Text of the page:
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Tom Armistead
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I am a retired accountant, having spent the early years of my career in the insurance industry and the later part in the field of accounting. My insurance experience has given me the willingness to accept investment risk if I feel the return justifies it; also, an interest in applying risk... More
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  • Painting the Tape 3 comments
    Dec 30, 2011 4:16 PM | about stocks: OLN

    The devil made me do it. As the market dragged its way to a weary end of a disappointing year, I noticed that my OLN Jan 2013 12.5 calls had a bid/ask of 5.20/9.40. With the shares trading at 19.70, the 12.5 call has to be worth 7.20.

    The problem was, my account, marked to market at the bid, was less than it should have been. 15 calls at 5.20 would be worth $7,800: at 7.20, they would be worth $10,800. I know the market maker wasn't going to beat me out of the $3,000, but I wanted it to show in my account.

    So I put in a bid for 1 contract at 7.20, which did not fill. However, it pumped my account up by $3,000. I don't plan to spend it all in one place.

    Stocks: OLN
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  • Rookie IRA Investor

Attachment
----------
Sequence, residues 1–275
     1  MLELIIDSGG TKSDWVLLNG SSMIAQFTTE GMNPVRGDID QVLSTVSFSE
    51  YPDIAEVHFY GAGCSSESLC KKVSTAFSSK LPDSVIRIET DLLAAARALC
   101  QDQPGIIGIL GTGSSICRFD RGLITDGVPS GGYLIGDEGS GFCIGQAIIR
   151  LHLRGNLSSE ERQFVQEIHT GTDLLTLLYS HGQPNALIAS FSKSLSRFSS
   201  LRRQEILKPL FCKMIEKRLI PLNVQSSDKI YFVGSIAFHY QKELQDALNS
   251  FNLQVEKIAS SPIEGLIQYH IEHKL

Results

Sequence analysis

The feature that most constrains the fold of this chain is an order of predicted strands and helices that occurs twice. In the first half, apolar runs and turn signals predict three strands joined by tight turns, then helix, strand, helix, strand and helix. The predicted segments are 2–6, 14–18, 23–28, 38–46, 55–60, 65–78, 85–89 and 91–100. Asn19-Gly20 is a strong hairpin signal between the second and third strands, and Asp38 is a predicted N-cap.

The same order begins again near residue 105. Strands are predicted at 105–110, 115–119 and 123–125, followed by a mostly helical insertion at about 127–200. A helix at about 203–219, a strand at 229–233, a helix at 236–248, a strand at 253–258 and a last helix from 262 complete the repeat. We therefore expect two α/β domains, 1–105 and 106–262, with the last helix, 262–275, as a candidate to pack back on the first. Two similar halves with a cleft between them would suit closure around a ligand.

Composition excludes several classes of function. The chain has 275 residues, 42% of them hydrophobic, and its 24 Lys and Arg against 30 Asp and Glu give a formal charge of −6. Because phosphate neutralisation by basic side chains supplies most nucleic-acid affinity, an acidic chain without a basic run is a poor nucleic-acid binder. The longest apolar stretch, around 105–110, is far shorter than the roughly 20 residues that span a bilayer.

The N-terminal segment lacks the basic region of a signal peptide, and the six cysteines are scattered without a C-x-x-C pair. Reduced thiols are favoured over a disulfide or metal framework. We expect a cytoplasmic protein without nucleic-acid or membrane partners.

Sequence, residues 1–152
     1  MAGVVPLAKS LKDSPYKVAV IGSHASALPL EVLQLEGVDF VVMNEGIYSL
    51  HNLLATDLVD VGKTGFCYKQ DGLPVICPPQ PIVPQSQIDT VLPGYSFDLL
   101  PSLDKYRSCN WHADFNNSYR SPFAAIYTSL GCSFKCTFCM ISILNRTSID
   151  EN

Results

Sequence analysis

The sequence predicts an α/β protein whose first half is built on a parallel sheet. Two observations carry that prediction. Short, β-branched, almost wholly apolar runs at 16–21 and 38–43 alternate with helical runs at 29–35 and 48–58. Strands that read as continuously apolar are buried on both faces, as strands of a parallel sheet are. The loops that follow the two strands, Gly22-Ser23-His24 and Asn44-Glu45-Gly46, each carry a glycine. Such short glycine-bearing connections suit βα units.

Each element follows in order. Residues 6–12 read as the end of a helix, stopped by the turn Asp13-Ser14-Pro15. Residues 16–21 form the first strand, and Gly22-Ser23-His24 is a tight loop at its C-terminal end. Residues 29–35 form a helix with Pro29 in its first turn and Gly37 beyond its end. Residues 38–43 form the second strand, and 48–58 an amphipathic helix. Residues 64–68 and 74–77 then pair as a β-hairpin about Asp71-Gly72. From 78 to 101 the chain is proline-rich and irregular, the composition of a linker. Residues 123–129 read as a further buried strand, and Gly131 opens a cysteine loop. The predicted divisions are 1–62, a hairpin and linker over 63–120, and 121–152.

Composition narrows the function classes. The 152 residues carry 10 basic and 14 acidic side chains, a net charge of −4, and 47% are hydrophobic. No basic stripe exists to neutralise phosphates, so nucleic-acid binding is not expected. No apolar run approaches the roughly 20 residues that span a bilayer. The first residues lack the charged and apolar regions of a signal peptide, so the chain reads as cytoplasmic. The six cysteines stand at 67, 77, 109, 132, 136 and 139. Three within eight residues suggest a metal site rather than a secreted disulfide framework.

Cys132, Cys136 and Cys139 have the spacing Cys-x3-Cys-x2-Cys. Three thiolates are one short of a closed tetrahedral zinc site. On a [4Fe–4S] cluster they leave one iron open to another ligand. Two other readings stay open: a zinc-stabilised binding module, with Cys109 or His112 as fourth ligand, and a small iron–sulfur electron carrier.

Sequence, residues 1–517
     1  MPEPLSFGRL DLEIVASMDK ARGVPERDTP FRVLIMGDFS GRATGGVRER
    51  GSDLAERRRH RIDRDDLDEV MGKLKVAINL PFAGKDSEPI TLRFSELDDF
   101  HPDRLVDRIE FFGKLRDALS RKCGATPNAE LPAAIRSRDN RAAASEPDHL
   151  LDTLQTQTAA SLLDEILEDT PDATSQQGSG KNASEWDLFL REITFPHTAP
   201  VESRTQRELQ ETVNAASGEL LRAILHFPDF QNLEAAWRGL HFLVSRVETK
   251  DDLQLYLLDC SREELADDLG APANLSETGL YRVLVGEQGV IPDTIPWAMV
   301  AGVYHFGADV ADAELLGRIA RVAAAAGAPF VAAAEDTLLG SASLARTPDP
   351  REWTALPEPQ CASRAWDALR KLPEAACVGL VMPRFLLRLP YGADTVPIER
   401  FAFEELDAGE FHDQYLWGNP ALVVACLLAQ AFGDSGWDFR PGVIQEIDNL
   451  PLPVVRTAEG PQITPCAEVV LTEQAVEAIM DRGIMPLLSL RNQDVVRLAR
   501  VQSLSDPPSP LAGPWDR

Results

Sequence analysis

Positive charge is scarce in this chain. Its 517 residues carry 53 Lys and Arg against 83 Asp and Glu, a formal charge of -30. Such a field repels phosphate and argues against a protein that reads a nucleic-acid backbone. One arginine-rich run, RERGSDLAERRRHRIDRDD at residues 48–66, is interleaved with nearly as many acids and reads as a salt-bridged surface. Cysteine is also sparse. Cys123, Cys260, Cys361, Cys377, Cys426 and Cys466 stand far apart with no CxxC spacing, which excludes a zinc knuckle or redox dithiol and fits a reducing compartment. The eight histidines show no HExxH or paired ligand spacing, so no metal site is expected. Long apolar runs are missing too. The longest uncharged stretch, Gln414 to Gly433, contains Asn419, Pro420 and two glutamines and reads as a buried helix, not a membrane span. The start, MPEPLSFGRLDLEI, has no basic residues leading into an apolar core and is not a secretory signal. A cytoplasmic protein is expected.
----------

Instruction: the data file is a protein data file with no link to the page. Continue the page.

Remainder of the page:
, contributor
    Comments (2885) | Send Message
    Brilliant, I must try the same thing. Sometimes my account dips thousands at the open, especially with lightly-traded LEAPs that may not have an up-to-date valuation.
    31 Dec 2011, 09:55 AM Reply Like
  • dancing diva
    , contributor
    Comments (2765) | Send Message
    Tom - I've done that often in the past because I get frustrated when I see the mm's affecting my daily performance with the ridiculously wide bid/ask quotes in illiquid options - and I figure I really want the option at the low level - but almost never have been filled. But let's face it, other than the short term satisfaction there's really no benefit in it.
    2 Jan 2012, 12:29 PM Reply Like
  • Tom Armistead
    , contributor
    Comments (6294) | Send Message
    Author’s reply » Rookie and dd,


    Thanks for your comments. I thought I was the only one who would let the bid/ask on deep in the money LEAPS get to me.


    I took it up with my broker, who cited volatility. Then I checked with the people who make the rules for the market makers, I forget now who does it, but what I found is that they only have to make a genuine market for like 20% of the time, across their whole book.


    There is always one day when they will get it right, that would be on the expiration.
    2 Jan 2012, 07:32 PM Reply Like
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